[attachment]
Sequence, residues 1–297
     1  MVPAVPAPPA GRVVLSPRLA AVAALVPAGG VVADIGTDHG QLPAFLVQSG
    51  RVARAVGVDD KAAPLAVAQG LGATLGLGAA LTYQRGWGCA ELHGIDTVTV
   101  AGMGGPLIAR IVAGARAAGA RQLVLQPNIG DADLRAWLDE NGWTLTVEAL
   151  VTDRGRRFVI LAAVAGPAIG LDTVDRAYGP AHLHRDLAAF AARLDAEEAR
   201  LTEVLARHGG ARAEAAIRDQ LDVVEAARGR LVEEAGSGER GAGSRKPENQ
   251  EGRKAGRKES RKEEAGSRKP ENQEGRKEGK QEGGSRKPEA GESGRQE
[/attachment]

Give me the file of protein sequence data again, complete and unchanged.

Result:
Sequence, residues 1–297
     1  MVPAVPAPPA GRVVLSPRLA AVAALVPAGG VVADIGTDHG QLPAFLVQSG
    51  RVARAVGVDD KAAPLAVAQG LGATLGLGAA LTYQRGWGCA ELHGIDTVTV
   101  AGMGGPLIAR IVAGARAAGA RQLVLQPNIG DADLRAWLDE NGWTLTVEAL
   151  VTDRGRRFVI LAAVAGPAIG LDTVDRAYGP AHLHRDLAAF AARLDAEEAR
   201  LTEVLARHGG ARAEAAIRDQ LDVVEAARGR LVEEAGSGER GAGSRKPENQ
   251  EGRKAGRKES RKEEAGSRKP ENQEGRKEGK QEGGSRKPEA GESGRQE